Probably just like Northside, anything ECISD staff marks as Draft or Confidential does not have to be legally shared with the public and is done that way on purpose. Only final information is public information. Emails are can also be requested as public information but staff can be discouraged from using email for coordination for that purpose. Many staff members are directed to only discuss certain items on the phone or in person as emails are in the public domain.

    The only way to get the district to do what parents want is to pressure the elected board members to pressure the superintendent’s evaluation. Nothing else matters. The board members have to be more responsive to voting parents than vendors who pay their debt off or contribute to the educational foundation or scholarship programs like the Gerlach Stock Show.

    From a historical perspective General Scharzkopf did not share his plans for Desert Storm and even put briefed incorrect plans to the media so that Saddam Hussein did not know was coming. Remember the decision to arm or not to arm is at the discretion of the board and not parents until there is a recall or someone is up for election. There are a lot of plans that are kept with draft or confidential markings as districts and superintendents want parents to trust them without verifying.

    Why are focusing on arming with lethal weapons. Where is the conversation to arm with tasers or shotguns with rubber balls kept in a arms room like on a ship. You do not have to necessarily kill an shooter during a spree when you can incapacitate them long enough for someone with a gun and handcuffs arrives.

    Much like the walls of gated communities that politicians and superintendents live in, schools need a way to channel bodies through controlled areas. There really is not a way to enforce a controlled area and not make a school look like a prison. Especially, when the cheapest route is chain link fencing. Consider how open O’Connor High School is due to the design requirements by the City of Helotes at that time, as I understand. The two officers on duty, normal staffing, cannot physically be in all the buildings at the same time. Most of the other Northside ISD post-2000 designs are single building high schools.

    Lastly, gun free zones are defined as a place where legal conceal or open carry is prohibited. Having armed on-duty police officers or contracted armed security in an area does not prevent an area from being labeled as a gun free zone as they are there for enforcement as they are excepted by United States Code 18.

  6. I think it’s best to take your questions one at a time, because there are reasonable answers to them.

    Q: Who will screen volunteer teachers and employees to avoid putting guns in the hands of people not psychologically fit for such duty?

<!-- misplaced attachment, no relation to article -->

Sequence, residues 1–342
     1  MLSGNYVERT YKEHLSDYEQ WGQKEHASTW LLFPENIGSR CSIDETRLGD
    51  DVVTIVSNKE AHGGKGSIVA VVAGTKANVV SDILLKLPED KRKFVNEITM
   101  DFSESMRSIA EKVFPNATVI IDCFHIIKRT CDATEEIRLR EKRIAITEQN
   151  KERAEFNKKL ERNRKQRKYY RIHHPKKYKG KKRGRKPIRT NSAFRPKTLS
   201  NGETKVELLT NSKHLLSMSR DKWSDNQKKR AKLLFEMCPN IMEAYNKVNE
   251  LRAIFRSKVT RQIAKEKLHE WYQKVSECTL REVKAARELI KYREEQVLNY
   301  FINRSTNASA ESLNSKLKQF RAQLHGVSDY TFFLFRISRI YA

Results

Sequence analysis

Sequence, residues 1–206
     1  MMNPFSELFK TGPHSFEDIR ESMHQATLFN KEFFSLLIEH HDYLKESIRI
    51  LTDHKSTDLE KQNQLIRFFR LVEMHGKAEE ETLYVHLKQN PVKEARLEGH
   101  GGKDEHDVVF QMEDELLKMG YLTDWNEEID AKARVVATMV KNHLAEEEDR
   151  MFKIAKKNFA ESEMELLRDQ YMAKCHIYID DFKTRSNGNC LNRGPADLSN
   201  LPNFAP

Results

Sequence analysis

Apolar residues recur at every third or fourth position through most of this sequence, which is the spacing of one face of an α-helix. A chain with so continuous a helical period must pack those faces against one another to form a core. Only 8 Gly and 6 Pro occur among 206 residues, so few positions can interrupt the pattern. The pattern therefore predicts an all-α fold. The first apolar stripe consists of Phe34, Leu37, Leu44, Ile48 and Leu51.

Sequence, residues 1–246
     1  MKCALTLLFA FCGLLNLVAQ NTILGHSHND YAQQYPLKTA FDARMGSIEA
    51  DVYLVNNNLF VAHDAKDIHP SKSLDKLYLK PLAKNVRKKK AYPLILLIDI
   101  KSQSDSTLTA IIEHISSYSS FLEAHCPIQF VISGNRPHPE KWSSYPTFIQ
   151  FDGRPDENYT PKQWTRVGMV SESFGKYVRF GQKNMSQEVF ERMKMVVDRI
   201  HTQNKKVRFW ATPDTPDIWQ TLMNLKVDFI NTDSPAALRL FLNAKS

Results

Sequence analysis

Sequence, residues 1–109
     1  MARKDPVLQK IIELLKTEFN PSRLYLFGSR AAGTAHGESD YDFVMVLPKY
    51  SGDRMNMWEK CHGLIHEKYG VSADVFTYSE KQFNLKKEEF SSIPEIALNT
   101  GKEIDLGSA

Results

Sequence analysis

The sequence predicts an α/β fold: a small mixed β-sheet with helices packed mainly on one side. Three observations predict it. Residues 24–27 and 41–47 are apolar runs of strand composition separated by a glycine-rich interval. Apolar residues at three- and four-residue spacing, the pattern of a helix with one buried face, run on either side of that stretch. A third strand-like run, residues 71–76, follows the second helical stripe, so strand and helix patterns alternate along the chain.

A: Do we not already screen teachers for their psychological fitness? If not, perhaps we should as they already have easy access to our children.

    Q: How will the district counsel and treat students who witness a teacher or campus worker confront a hostile student with a concealed weapon?
    A: No one is talking about a teacher confronting a student with a concealed weapon over a hallway fight. We’re talking about preventing mass killings. In the event that were to occur, no one would need counseling from the teacher’s actions.

    Q: On the long drive home on the district’s rural county roads, I thought about the different personality types that attract individuals to careers in the classroom and law enforcement. Surely there are examples of people who thrive in both cultures – military veterans come to mind – but aren’t most people drawn to one profession or the other for very different reasons that no amount of training can overcome?
    A: It’s not only military or law enforcement that want to protect their own. It’s something every parent wants to do for their children and something most teachers want to do as well. To suggest you need to be “drawn to the profession” of law enforcement just to attempt to prevent disaster is akin to suggesting you won’t help open the emergency exit on an airplane because you’re not a firefighter or flight attendant.

    Q: How many teachers have the psychological makeup to shoot and kill a student they know personally? How many of them acting under extreme stress unlike any they’ve ever experienced will shoot the correct attacker or, perhaps, fail to pull the trigger and instead lose their own lives?
    A: We’ve seen two many times in these situations that teachers will lose their lives in defense of their children they educate. Most police officers have never confronted an active shooter either, as evidenced by the disastrous response at Parkland. At the same time, most people have the psychological makeup to protect the people they love at all costs. I don’t think that’s too hard to understand.